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A historic Far Eastern hub, Shanghai can be reached by plane, boat, long-distance bus, national highways and rail. It has two international airports with shuttle services to nearby cities, three main train stations with high-speed trains and special "holiday trains" to scenic areas and more than 40 long-distance bus stations with more than 1,000 routes. It also boasts the world's largest public transportation system moving the most people every day.
Although international car rental agencies are represented at the airport, you would not be able to drive in China unless you have a Chinese driver's license as international driving permits are not recognized. The options is to rent a car with driver or hire a taxi for a trip.
Even though Shanghai has many bike lanes, traffic makes cycling daunting. Visitors, however, can sign up for bike tours of many parts of the city or register in the Forever Bicycle Company's hire-a-bike program that rents bright orange bicycles around town. With an official ID and a deposit (around $12), you can pick up a rental card at the Xujiahui Tourist Information Centre outside the Xujiahui metro station.
Getting around Shanghai by metro is fast, safe and convenient with 14 subway lines at last count. Line 1 and 2 are the most useful for tourists. Line 1 (red), the first subway line launched in 1993, runs 38 kilometers (24 miles) north-south, linking major attractions and transportation hubs, including the Shanghai Railway Station. Line 2 (light green) goes east-west for 60 kilometers (37 miles), connecting Hongquiao and Pudong airports and major commercial streets and attractions. Fares are based on distance traveled, but buy a pre-paid Shanghai Public Transportation Card to keep it simple. Schedules are determined by when the first and last trains leave stations, which is generally 5 - 6 am and 10:30 - 11:30 pm.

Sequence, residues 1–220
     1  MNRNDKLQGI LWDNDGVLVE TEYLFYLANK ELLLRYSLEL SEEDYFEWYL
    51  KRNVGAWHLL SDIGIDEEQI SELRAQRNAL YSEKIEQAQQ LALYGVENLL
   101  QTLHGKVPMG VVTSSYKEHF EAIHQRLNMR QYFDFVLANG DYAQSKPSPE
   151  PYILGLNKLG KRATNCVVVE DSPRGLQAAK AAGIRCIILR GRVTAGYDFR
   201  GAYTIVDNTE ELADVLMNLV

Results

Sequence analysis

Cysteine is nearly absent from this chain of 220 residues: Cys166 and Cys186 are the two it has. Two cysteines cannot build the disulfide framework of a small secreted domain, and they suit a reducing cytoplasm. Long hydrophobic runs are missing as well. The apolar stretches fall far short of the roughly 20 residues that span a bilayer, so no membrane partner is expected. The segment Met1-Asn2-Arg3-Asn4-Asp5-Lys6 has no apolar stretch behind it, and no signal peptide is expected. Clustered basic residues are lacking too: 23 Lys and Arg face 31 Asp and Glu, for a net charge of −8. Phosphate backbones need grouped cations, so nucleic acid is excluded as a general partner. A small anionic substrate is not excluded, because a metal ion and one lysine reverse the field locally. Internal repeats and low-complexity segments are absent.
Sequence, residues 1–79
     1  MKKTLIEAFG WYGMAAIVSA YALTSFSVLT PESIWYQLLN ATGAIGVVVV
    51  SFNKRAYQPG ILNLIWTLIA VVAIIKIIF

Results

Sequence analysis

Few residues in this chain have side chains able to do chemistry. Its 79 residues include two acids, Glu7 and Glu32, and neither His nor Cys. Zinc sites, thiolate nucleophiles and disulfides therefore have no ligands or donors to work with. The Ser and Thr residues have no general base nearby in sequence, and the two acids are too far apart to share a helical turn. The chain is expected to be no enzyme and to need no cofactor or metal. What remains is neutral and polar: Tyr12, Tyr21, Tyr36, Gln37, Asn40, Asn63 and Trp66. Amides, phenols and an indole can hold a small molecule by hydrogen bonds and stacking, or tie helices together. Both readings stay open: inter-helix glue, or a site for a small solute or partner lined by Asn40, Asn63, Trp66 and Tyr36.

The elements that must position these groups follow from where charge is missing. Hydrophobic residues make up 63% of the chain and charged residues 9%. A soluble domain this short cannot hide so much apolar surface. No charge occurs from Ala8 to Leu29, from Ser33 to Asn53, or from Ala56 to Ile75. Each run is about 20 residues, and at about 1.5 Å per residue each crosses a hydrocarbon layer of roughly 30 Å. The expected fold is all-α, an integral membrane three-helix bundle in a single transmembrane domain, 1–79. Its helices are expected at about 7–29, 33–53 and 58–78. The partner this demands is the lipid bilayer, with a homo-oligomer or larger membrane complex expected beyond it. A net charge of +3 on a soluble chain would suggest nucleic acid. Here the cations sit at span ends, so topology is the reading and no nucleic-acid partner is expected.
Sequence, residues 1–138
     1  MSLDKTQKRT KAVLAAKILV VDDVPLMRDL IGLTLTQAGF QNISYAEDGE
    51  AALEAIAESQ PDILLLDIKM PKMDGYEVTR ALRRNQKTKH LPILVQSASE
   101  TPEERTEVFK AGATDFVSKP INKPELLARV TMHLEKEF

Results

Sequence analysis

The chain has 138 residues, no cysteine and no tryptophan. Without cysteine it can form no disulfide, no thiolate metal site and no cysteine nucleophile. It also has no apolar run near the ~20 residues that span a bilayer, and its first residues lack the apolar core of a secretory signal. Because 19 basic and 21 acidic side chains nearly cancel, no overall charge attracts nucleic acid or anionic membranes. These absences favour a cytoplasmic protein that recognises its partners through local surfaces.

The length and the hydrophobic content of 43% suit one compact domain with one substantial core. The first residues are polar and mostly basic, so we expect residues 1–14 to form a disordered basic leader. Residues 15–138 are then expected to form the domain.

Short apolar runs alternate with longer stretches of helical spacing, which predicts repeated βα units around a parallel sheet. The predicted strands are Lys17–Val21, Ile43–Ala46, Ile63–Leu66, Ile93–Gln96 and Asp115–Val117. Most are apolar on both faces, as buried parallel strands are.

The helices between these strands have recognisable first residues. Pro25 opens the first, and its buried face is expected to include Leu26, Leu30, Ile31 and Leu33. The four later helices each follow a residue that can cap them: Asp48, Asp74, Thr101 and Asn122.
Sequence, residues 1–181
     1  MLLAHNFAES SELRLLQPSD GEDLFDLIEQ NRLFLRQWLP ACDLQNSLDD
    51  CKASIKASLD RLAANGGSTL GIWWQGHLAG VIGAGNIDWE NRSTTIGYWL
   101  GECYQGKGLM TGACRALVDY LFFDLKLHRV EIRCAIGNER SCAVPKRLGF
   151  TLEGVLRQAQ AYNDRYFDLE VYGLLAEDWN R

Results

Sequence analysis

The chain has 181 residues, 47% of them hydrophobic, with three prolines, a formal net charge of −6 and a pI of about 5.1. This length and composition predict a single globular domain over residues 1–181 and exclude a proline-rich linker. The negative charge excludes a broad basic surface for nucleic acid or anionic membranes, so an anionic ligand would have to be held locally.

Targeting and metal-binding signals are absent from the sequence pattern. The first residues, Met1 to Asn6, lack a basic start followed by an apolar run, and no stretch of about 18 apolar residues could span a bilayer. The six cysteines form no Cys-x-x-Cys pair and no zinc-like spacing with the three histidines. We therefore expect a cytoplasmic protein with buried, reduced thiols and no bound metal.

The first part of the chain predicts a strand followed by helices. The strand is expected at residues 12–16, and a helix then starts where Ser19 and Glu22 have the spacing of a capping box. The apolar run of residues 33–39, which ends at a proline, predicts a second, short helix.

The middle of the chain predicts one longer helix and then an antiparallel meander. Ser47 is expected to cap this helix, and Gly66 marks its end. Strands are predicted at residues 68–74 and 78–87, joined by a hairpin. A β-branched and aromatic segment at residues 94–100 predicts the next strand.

City buses are identified by numbers or Chinese characters. Downtown lines are numbered 01 to 200, rush hour lines 201-299 and night lines 301 - 399. But expect buses to be crowded and slow-moving. The Shanghai Public Transportation Card can be used on most routes. There are also 10 tourist bus lines starting at Shanghai Stadium and fanning out in one-day tours in the city center, the suburbs and neighboring areas. The frequency of departure varies.
More the 150 taxi companies operate in the city with the sky blue Dazhong taxis and the orange Qiangsheng fleet being the most recognized. Fares are more expensive here than in other cities ($2 for first three kilometers or two miles) with fuel surcharges, wait-time charges and after mid-night differentials, but you can bargain at night. Your fare will be rounded off, so having a Shanghai Public Transportation Card is convenient.